Glorious August in southwest France lures tourists as a buddleia in full bloom lures butterflies. The heat, the holiday atmosphere that pervades every little town and village, and the outstanding food and wine available at every turn, have all contributed to make this once neglected little rural backwater one of the holiday hotspots of Europe. For decades the overworked masses have swarmed down from the frozen North to the beaches of the Mediterranean, but gradually, very gradually, tourists have worked inland. They’ve stopped en route, made forays into hitherto untented territory, and discovered to their amazement that the beautiful Quercy holds more attractions than they had believed possible. Now, during the two holiday months, the population more than doubles and nowhere is this more obvious than in the markets. They swell in season, to four or five times their winter size, jammed with lithe blondes in skimpy shorts (much appreciated by some of the locals) and enormous bellies in lively shirts. Read More »

Balmy August in the Quercy from French Life

Amanda on April 1st, 2008
Gariguette strawberries

Gariguette strawberries

The sweet smell of a thousand fragrant Gariguette strawberries lured me round Cahors market last Wednesday. The day was warm, the sky a cloudless blue and the stalwart stallholders were in carnival mood. Asparagus assailed me as I entered the fray at the southern end; huge bunches of creamy green, brushed with purple. Just the thing for a light supper, dripping with melted butter and accompanied by some good bread and a nice jug of Cahors. I glanced at the early peaches, transported overnight from the glasshouses of Andalucia, but the rising scent of strawberries was becoming insistent. Rounding the corner, where one of my jovial stallholder friends was holding his weekly pantomime with leeks and cauliflowers, I was mesmerised by a sea of scarlet. Read More »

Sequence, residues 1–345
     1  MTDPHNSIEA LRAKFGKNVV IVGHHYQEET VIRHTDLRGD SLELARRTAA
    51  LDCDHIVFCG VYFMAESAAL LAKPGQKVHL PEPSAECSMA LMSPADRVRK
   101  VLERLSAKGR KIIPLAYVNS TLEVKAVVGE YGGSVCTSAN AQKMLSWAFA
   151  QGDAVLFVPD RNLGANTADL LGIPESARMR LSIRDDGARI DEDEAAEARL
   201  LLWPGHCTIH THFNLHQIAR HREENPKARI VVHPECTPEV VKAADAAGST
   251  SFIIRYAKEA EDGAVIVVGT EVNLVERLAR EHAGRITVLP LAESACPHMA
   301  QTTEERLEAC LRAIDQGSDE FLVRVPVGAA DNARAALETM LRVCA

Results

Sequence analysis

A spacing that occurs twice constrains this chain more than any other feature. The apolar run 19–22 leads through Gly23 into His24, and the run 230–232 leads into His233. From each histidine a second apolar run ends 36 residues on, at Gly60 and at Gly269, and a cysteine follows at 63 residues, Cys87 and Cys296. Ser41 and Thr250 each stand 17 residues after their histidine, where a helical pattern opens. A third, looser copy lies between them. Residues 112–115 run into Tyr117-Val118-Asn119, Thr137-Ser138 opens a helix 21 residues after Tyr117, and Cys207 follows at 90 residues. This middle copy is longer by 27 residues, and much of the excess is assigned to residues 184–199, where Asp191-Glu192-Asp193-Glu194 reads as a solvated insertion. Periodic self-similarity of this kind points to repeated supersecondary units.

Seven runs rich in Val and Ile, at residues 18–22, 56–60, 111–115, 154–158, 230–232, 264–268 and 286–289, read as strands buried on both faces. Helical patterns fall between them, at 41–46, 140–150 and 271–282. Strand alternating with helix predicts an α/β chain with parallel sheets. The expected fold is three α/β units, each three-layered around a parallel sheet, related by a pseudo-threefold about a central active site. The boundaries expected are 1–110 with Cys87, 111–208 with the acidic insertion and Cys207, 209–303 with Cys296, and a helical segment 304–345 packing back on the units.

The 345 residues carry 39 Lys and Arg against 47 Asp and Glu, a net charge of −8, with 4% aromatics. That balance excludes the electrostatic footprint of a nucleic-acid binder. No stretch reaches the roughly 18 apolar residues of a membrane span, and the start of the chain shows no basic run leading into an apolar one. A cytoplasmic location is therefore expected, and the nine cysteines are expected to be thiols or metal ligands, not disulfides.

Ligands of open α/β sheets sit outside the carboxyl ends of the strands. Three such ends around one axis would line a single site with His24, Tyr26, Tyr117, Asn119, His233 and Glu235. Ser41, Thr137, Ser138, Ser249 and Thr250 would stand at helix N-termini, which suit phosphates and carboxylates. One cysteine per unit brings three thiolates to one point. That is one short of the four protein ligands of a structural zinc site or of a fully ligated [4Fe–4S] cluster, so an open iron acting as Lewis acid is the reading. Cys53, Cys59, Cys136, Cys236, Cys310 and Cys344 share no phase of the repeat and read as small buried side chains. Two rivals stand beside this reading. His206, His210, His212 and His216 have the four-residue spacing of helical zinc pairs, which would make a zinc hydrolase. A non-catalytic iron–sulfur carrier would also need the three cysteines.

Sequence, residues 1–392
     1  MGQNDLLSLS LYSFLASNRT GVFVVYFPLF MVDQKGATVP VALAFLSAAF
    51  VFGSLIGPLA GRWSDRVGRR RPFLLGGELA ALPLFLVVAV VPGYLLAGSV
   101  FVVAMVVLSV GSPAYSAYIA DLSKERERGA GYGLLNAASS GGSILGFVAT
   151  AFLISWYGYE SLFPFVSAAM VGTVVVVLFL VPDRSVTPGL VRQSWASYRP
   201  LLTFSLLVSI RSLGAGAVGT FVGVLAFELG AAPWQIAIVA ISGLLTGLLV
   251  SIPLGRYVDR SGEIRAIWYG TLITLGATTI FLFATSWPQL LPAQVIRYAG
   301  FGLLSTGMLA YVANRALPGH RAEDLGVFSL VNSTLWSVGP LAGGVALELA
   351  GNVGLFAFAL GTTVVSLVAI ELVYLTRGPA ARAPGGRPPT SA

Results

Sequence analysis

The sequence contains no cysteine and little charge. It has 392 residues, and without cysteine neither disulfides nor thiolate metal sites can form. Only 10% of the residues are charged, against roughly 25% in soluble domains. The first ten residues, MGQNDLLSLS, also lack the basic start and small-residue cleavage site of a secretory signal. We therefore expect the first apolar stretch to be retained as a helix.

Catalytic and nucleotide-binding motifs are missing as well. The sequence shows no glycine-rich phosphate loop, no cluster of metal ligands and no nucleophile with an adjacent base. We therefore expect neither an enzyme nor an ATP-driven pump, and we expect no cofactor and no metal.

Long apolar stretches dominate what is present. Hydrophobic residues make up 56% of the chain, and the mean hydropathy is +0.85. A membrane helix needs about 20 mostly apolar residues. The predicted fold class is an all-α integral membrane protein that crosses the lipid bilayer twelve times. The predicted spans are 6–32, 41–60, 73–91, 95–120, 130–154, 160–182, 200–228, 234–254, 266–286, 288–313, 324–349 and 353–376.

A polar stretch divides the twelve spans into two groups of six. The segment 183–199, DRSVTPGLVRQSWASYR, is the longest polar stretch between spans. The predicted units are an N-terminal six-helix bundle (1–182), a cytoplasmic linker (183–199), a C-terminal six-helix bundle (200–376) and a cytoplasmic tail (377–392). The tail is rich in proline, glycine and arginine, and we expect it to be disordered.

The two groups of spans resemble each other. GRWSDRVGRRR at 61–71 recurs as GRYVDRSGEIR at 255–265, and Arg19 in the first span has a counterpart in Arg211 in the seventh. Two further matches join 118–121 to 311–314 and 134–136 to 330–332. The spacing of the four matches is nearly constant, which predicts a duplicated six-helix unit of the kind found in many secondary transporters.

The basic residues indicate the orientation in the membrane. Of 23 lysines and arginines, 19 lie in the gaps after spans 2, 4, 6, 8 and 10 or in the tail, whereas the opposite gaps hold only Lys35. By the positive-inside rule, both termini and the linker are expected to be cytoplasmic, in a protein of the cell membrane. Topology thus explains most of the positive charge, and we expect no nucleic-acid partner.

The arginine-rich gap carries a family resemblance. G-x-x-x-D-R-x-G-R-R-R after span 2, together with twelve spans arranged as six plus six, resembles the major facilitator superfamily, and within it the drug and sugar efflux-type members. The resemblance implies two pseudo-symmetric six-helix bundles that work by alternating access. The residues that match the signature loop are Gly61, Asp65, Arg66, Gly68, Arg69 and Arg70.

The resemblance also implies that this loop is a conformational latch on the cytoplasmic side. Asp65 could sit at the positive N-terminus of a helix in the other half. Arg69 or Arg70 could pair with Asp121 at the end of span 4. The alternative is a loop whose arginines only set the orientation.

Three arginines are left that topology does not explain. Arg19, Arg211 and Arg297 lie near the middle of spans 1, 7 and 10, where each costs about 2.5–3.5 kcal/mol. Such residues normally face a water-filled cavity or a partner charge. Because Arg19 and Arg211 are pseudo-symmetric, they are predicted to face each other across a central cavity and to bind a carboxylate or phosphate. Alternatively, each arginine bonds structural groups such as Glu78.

The Lure of Gariguette Strawberries from French Life

Amanda on March 1st, 2006

Welcome to early spring in the Quercy!

Cahors Market

Cahors Market

It’s still a tad chilly here, cold nights and warm afternoons. There are few short-sleeved-shirts, with the strange exception of café waiters who seem to have an internal central heating system! There are fewer still bared shoulders, but there is an almost tangible air of expectancy, because when the warm weather comes to this land, it comes in a rush. Suddenly you’re wondering where you put the brolly because the terrace isn’t yet shaded by the old vine and whether or not to risk sitting outside for lunch if you can’t find it. Meanwhile the lemon trees that have spent the winter languishing in various cellars are cautiously re-appearing on terraces and balconies.
Read More »

The Joys of French Life in Spring from French Life

Amanda on February 1st, 2006

Welcome to early spring in the Quercy!

Cahors Market

Cahors Market

It’s still a tad chilly here, cold nights and warm afternoons. There are few short-sleeved-shirts, with the strange exception of café waiters who seem to have an internal central heating system! There are fewer still bared shoulders, but there is an almost tangible air of expectancy, because when the warm weather comes to this land, it comes in a rush. Suddenly you’re wondering where you put the brolly because the terrace isn’t yet shaded by the old vine and whether or not to risk sitting outside for lunch if you can’t find it. Meanwhile the lemon trees that have spent the winter languishing in various cellars are cautiously re-appearing on terraces and balconies.
Read More »

Early Spring in the Quercy from French Life

Amanda on August 23rd, 2005

Historic gateway to the South of France

Pont Valentre

Pont Valentre

History
Cahors is strategically situated in a loop of the curvaceous river Lot, surrounded by hills. To the north the roads lead straight to Paris, to the south straight to Toulouse and on to the passes of the Pyrenees and the bustling ports of the Mediterranean. To the west, following the line of the river, lies the great wine producing city and port of Bordeaux. To the east, the wild and beautiful Causses and the foothills of the Massif Central.

It was in this advantageous spot that the ancient tribe of the Cadurci decided to settle in about 800BC. Many scholars maintain that it was from these first settlers that Cahors and the Quercy take their names. Others argue that Quercy comes from the Latin Quercus, meaning oak, a reference to the oak forests that romp across the landscape. Either way, both Cahors and the Quercy itself are ancient settlements. Read More »

Cahors – Capital of the Quercy from French Life